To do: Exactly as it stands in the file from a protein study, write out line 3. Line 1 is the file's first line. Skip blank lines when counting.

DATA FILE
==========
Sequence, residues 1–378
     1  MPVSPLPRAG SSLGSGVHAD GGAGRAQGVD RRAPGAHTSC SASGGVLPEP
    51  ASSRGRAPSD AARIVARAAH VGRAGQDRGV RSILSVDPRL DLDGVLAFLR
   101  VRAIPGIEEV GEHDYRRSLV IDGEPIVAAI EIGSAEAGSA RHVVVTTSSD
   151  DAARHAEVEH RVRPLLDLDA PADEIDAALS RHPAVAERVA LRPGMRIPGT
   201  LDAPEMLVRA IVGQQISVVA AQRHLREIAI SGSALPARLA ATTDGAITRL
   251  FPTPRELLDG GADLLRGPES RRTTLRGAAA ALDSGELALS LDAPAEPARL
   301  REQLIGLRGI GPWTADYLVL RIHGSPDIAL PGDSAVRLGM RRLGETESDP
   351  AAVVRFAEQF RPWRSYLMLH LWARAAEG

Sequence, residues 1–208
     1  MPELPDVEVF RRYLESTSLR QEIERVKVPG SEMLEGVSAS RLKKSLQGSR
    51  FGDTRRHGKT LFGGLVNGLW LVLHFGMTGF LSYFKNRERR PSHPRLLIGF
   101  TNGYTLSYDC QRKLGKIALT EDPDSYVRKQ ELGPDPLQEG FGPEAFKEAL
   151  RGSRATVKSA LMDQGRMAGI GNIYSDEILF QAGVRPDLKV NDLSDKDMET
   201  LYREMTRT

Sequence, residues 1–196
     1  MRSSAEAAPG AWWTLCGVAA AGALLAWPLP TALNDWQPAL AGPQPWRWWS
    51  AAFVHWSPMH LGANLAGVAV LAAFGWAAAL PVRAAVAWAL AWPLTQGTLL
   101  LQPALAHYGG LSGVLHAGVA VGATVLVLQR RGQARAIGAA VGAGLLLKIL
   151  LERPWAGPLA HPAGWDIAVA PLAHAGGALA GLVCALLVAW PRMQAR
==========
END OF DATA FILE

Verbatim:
    51  ASSRGRAPSD AARIVARAAH VGRAGQDRGV RSILSVDPRL DLDGVLAFLR